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Name: Steve Powell
Address: , United Kingdom
Website: Link
Date: 14/01/2020
Company:
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Photo: 48
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Steve Powell

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SP_0048.jpg

The gun crew of Flak Batterie Kapellendorf located off Les Grandes Capelles in St Sampson. This battery of four 8.8cm Flak 18 guns which were used in an anti-aircraft role. This sequence of photographs were taken in December 1941. Note the kill markings on the gun barrel.

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SP_0047.jpg

The gun crew of Flak Batterie Kapellendorf located off Les Grandes Capelles in St Sampson. This battery of four 8.8cm Flak 18 guns which were used in an anti-aircraft role. This sequence of photographs were taken in December 1941. Note the gas holders located at Le Bouet in the background.

SP_0046.jpg
SP_0046.jpg

Flak Batterie Kapellendorf located off Les Grandes Capelles in St Sampson. This battery of four 8.8cm Flak 18 guns which were used in an anti-aircraft role. This sequence of photographs were taken in December 1941.

SP_0045.jpg
SP_0045.jpg

The gun crew of Flak Batterie Kapellendorf located off Les Grandes Capelles in St Sampson. This battery of four 8.8cm Flak 18 guns which were used in an anti-aircraft role. This sequence of photographs were taken in December 1941.

SP_0044.jpg
SP_0044.jpg

The gun crew of Flak Batterie Kapellendorf located off Les Grandes Capelles in St Sampson. This battery of four 8.8cm Flak 18 guns which were used in an anti-aircraft role. This sequence of photographs were taken in December 1941. Note the Luftwaffe insignia on the PT shirts.

SP_0043.jpg
SP_0043.jpg

The gun crew of Flak Batterie Kapellendorf located off Les Grandes Capelles in St Sampson. This battery of four 8.8cm Flak 18 guns which were used in an anti-aircraft role. This sequence of photographs were taken at Christmas 1941.

SP_0042.jpg
SP_0042.jpg

The gun crew of Flak Batterie Kapellendorf located off Les Grandes Capelles in St Sampson. This battery of four 8.8cm Flak 18 guns which were used in an anti-aircraft role. This sequence of photographs were taken in December 1941.

SP_0041.jpg
SP_0041.jpg

The gun crew of Flak Batterie Kapellendorf located off Les Grandes Capelles in St Sampson. This battery of four 8.8cm Flak 18 guns which were used in an anti-aircraft role. This sequence of photographs were taken in December 1941.

SP_0040.jpg
SP_0040.jpg

The gun crew of Flak Batterie Kapellendorf located off Les Grandes Capelles in St Sampson. This battery of four 8.8cm Flak 18 guns which were used in an anti-aircraft role. This sequence of photographs were taken in December 1941.

SP_0039.jpg
SP_0039.jpg

The gun crew of Flak Batterie Kapellendorf located off Les Grandes Capelles in St Sampson. This battery of four 8.8cm Flak 18 guns which were used in an anti-aircraft role. This sequence of photographs were taken in December 1941.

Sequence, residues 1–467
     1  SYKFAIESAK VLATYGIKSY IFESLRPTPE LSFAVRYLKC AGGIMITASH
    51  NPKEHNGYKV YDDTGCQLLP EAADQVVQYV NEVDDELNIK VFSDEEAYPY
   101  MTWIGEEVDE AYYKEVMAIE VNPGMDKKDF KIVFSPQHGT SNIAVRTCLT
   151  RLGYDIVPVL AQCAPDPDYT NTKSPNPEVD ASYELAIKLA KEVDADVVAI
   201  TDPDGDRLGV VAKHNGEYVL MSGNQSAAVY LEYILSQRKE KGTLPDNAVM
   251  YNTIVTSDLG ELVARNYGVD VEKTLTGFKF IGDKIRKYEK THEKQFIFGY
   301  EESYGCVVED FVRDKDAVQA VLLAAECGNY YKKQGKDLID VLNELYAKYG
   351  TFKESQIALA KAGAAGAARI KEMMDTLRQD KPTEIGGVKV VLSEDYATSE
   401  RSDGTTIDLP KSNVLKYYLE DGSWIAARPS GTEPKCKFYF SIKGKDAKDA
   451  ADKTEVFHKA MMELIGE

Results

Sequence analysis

SP_0038.jpg
SP_0038.jpg

The gun crew of Flak Batterie Kapellendorf located off Les Grandes Capelles in St Sampson. This battery of four 8.8cm Flak 18 guns which were used in an anti-aircraft role. This sequence of photographs were taken in December 1941. Note the Luftwaffe insignia on the PT shirts.

SP_0037.jpg
SP_0037.jpg

The gun crew of Flak Batterie Kapellendorf located off Les Grandes Capelles in St Sampson. This battery of four 8.8cm Flak 18 guns which were used in an anti-aircraft role. This sequence of photographs were taken in December 1941.

SP_0036.jpg
SP_0036.jpg

Flak Batterie Kapellendorf located off Les Grandes Capelles in St Sampson. This battery of four 8.8cm Flak 18 guns which were used in an anti-aircraft role. This sequence of photographs were taken in December 1941.

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SP_0035.jpg

The gun crews of Flak Batterie Kapellendorf seen here inside a greenhouse which appears to also be the crews accommodation and rest area. Note the beds on the right and the uniforms hanging up to the left.

SP_0034.jpg
SP_0034.jpg

The gun crew of Flak Batterie Kapellendorf located off Les Grandes Capelles in St Sampson. This battery of four 8.8cm Flak 18 guns which were used in an anti-aircraft role. This sequence of photographs were taken in December 1941.

SP_0033.jpg
SP_0033.jpg

The gun crew of Flak Batterie Kapellendorf located off Les Grandes Capelles in St Sampson. This battery of four 8.8cm Flak 18 guns which were used in an anti-aircraft role. This sequence of photographs were taken in December 1941.

SP_0032.jpg
SP_0032.jpg

The gun crew of Flak Batterie Kapellendorf located off Les Grandes Capelles in St Sampson. This battery of four 8.8cm Flak 18 guns which were used in an anti-aircraft role. This sequence of photographs were taken in December 1941.

SP_0031.jpg
SP_0031.jpg

Flak Batterie Kapellendorf located off Les Grandes Capelles in St Sampson. This battery of four 8.8cm Flak 18 guns which were used in an anti-aircraft role. This sequence of photographs were taken in December 1941.

SP_0030.jpg
SP_0030.jpg

Flak Batterie Kapellendorf located off Les Grandes Capelles in St Sampson. This battery of four 8.8cm Flak 18 guns which were used in an anti-aircraft role. This sequence of photographs were taken in December 1941. Note the trailer for moving the gun in the background.

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SP_0029